Being a journalist, I did the only thing I knew how to do. I investigated why Sesame Street gave Cookie Monster a health makeover.

    The answer would lead me into a world where television producers worked with health experts and politicians, a place where Cookie Monster does care about his health, and by association, the health of children.

    The first place I headed was the Internet. On the Sesame Street Web site, little had changed. There was Cookie Monster, in all his blue furriness. He was holding a plate of cookies. He was chomping on a cookie. He still looked the same. But as we all know, looks can be deceiving.

    So I searched the site for news on Cookie Monster and up popped a press release about the show's Healthy Habits for Life emphasis. Buried near the bottom was a one-sentence mention about Cookie Monster eating fewer cookies.

    But what did that mean? Scarfing one plateful instead of two?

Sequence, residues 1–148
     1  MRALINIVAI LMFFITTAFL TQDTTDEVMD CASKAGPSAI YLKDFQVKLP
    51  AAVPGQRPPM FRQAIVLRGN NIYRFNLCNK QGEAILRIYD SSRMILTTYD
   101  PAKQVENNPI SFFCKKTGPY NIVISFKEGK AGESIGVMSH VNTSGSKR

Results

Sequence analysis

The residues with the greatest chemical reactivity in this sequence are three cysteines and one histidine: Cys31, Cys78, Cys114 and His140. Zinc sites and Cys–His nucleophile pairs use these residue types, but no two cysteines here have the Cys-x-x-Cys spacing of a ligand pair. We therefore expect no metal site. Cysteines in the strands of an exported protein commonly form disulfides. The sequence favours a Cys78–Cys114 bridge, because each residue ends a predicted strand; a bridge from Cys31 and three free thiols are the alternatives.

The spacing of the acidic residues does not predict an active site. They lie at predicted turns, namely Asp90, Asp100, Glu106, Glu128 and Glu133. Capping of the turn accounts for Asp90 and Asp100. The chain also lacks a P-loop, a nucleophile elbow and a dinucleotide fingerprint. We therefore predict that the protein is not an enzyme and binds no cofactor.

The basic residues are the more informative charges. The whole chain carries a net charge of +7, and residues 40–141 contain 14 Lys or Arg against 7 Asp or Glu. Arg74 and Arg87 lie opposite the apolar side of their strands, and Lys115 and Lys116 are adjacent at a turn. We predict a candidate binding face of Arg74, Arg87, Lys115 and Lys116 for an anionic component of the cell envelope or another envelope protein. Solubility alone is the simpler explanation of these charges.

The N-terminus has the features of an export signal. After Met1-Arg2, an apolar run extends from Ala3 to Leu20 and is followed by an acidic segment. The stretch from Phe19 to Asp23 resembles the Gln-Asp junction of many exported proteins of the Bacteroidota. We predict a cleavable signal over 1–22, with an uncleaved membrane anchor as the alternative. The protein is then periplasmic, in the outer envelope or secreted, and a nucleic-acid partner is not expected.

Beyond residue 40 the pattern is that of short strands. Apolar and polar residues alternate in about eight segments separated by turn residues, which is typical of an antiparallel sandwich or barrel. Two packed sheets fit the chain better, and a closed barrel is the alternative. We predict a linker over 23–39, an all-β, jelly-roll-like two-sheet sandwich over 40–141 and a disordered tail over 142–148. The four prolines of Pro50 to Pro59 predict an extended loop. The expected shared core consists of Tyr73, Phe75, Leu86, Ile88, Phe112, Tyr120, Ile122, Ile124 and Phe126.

I picked up the telephone. "What's going on with Cookie Monster?" I asked the Sesame Street press office. "Why are you doing this?"
    They sent me to Dr. Rosemarie T. Truglio, the show's vice president of research and education.

    She said the show changes every year, focusing not just on teaching numbers and letters but also emotional and physical health. With the rise in childhood obesity, Truglio said Sesame Street is concentrating on the need to teach children about healthy foods and physical activity.
    This season, each episode opens with a "health tip" about nutrition, exercise, hygiene and rest.

    Truglio said Sesame Street also will introduce new characters, such as talking eggplants and carrots, and offer parodies, such as "American Fruit Stand." Even guest stars will address healthy activities, such as Alicia Keys talking and singing about the importance of physical activity.
    Even politicians have gotten into the act, filming public service announcements with Sesame Street residents. In one taping, Senate Majority Leader Bill Frist taught Elmo to exercise — jumping up and down. In another, Sen. Hillary Clinton and the small red monster discuss the various textures and tastes of foods.

    But what about their position on Cookiegate?

    "Even Cookie Monster is learning to control his cookie cravings," Frist told me by e-mail. "His sage advice opened our eyes to the simple joys of a tasty cookie and now reminds us that moderation is the key to healthy living."
    Cookie Monster was not available for comment. (I'm hoping he hasn't gone too Hollywood.)